Choice based art education is about honoring the student's artistic choices- the students choose the subject matter, approach, materials, and style that will help them communicate their ideas. For this to work at the primary level, you have to get comfortable with the stages of artistic development and be ok with kids working at their stage. A lot of the Kinders (and even a few first graders) are still in the Pre-Schematic stage.
The snowman drawing on the left was made by a Pre-K student that comes to specials with a Kindergarten class. He ALWAYS has a story about his drawings. :) Students at this age are not usually going for realism. They are more interested in drawing expressively and using schema- showing the world as they understand it. As students learn and experience more, their schema sort of updates. I use questioning a lot when talking to students about their drawings- Does your person have hair? How many fingers do you have? Where is your person/animal/house/etc.? Did you know the sky comes all the way down to the ground in real life?
Some students are more concerned with putting things in space and have learned about horizon lines. Some students aren't ready to organize their artwork in this way. I went through photos of a semester's worth of artwork and just tried to choose a representative sample for this blog post. I saw a lot of growth in just a few months and can see that students were trying out some of the things we've talked about- like coloring in all the white spaces, drawing big, adding details, etc.
This student likes to stick to a limited color palette in most of his work. It's always interesting to see what he chooses.
Even though students are making the artistic choices, we can still encourage good craftsmanship at every age level, even Kindergarten. We try not to scribble. Students are working on doing their best work and being neat so that it's easier for the viewer to understand their idea. The focus on craftsmanship, and the desire to not blow through all my paper, is why we have a "rule" of working on projects for more than one class period. Most of the time we stick to that rule, but occasionally a student will work super hard and finish something in one class, really having given it their best effort and then I don't make them keep adding more just to fit the rule.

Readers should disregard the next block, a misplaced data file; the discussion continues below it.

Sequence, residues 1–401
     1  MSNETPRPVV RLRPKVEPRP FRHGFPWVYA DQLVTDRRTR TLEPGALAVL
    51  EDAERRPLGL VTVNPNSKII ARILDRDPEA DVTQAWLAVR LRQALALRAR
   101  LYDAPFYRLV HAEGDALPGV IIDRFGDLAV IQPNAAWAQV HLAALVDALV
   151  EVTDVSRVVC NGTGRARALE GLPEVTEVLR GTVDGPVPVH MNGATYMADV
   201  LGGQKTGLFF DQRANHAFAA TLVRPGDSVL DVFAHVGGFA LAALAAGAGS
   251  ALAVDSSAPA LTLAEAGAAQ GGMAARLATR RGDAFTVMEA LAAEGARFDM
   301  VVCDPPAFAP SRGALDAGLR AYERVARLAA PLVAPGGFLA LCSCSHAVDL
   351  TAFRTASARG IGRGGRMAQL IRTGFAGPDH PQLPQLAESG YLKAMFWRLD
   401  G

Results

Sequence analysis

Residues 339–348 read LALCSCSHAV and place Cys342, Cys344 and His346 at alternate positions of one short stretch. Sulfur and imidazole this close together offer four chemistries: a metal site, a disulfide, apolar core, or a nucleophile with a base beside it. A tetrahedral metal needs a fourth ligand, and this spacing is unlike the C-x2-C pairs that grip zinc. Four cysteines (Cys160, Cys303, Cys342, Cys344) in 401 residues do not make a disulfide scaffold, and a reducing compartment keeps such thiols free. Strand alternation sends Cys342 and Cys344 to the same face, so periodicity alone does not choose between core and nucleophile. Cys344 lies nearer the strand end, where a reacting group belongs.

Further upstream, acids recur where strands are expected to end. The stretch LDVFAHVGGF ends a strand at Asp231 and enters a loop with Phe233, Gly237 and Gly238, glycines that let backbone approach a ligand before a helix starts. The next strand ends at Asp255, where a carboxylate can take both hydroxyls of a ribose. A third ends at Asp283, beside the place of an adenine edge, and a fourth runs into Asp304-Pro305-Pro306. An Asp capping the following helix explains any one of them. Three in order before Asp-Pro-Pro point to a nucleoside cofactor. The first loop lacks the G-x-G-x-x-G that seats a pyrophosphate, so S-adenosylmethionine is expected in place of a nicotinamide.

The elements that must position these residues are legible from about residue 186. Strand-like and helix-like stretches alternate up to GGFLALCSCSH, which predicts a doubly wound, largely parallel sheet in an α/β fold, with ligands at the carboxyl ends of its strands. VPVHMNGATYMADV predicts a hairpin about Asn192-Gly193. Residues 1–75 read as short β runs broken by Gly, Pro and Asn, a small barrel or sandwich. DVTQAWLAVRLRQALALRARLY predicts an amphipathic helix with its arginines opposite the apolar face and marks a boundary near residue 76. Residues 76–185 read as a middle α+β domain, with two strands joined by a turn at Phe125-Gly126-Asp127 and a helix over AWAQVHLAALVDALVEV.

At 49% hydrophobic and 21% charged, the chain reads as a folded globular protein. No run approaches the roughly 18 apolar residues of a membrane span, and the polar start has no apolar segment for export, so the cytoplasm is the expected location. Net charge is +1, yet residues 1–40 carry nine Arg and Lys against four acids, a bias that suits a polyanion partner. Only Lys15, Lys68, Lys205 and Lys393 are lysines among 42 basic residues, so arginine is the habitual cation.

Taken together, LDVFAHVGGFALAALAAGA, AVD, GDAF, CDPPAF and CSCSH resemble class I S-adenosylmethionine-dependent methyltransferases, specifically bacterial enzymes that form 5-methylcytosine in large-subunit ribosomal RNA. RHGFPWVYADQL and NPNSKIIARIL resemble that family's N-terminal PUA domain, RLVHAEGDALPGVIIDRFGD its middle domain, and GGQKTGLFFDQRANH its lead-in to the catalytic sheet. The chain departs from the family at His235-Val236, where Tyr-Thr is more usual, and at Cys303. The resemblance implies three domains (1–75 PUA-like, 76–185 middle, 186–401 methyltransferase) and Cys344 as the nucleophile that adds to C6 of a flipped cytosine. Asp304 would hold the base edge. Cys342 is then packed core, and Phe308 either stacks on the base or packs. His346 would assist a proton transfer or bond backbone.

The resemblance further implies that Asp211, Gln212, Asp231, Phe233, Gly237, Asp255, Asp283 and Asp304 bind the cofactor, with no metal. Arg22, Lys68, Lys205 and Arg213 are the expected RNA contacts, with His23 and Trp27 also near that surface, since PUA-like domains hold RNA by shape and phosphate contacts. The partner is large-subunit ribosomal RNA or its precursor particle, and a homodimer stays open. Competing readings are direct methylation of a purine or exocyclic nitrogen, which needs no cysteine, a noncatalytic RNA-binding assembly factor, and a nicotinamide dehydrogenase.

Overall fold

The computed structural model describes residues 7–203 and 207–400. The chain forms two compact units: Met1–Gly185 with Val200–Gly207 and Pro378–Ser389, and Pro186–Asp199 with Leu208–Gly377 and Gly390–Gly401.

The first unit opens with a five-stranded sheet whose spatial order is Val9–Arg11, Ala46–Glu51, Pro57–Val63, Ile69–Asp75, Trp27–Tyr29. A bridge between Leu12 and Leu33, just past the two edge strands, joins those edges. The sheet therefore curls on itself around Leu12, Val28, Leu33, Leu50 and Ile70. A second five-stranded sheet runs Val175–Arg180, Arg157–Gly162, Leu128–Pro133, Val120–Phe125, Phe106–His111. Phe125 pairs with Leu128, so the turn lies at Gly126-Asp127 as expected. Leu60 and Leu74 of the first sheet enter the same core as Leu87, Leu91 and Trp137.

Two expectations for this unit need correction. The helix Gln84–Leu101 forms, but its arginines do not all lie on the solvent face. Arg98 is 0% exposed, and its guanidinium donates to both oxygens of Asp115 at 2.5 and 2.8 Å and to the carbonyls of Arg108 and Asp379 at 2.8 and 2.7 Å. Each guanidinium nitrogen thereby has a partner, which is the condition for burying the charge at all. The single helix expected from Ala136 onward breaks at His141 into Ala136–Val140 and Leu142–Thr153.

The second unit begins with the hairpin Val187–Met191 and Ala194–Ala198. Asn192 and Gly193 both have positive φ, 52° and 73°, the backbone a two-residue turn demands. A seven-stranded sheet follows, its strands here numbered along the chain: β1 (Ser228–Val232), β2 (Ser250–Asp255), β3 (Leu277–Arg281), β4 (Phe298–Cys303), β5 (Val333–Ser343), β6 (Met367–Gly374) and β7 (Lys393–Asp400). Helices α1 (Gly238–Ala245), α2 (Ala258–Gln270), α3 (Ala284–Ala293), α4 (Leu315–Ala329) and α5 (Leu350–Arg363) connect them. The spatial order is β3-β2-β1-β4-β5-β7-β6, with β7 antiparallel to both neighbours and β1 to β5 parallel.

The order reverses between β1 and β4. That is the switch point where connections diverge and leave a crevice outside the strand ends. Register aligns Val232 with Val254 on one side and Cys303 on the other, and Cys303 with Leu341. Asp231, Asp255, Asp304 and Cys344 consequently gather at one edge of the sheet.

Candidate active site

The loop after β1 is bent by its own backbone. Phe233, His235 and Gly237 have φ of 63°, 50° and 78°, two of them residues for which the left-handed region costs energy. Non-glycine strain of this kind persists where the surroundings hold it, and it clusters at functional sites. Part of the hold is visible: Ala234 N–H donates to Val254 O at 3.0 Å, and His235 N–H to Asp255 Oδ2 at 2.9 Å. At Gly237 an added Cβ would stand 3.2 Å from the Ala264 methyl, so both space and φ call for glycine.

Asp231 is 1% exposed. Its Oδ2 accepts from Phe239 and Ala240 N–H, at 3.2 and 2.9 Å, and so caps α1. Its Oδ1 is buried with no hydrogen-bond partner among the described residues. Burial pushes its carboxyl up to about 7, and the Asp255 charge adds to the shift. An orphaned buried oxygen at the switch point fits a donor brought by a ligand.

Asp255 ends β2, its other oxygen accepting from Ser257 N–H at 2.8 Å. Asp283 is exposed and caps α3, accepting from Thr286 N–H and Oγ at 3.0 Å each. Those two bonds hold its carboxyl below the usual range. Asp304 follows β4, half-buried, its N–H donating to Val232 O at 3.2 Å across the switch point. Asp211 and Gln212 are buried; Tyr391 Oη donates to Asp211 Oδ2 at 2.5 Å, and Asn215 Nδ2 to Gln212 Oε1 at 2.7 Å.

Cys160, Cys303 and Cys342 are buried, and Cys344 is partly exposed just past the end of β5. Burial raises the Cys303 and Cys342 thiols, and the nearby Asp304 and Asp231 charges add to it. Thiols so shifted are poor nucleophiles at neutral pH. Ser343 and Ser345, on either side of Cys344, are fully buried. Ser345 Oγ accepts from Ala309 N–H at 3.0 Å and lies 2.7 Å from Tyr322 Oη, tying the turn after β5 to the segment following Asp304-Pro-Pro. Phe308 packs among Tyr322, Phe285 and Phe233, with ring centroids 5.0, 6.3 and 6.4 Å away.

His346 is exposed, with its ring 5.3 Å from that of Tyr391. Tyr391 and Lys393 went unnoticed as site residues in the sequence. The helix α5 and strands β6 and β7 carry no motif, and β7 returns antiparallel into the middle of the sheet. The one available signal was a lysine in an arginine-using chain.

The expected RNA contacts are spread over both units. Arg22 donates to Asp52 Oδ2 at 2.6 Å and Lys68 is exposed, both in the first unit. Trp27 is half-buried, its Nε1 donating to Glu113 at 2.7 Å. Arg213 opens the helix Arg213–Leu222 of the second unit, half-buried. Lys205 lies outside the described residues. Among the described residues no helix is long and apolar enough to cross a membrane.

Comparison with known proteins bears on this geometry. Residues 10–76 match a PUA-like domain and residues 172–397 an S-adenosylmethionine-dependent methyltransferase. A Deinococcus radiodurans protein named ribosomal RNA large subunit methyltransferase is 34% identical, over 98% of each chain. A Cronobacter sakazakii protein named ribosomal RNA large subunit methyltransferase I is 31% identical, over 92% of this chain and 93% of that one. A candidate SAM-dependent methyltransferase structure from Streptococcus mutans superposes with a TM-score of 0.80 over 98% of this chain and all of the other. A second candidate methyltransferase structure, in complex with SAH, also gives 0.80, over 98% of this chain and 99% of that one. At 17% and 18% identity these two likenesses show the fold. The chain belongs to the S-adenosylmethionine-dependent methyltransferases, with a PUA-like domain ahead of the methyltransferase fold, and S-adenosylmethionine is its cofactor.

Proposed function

We've had lots of mixed media experimentation. This student painted a horse and the next week wanted to try out pastels for the background. I love those bold colors and strokes!
This drawing was a "free" drawing made in the last class before winter break. The student and I didn't critique this drawing since it was a quick one made in about 10 minutes, but I liked that she went for it and drew directly with marker. It's not colored in perfectly, but the spontaneity works.
This student used one of my "drawing models" (plastic animals from the Dollar Tree) to make this drawing of a lizard. Kindergarteners are so funny. Some will work so hard to observe and draw realistically but then fall back into those "emotional" colors when they finish.
What is the most popular subject for Kinders to draw? Rainbows! I will be posting a collection of rainbow drawings soon.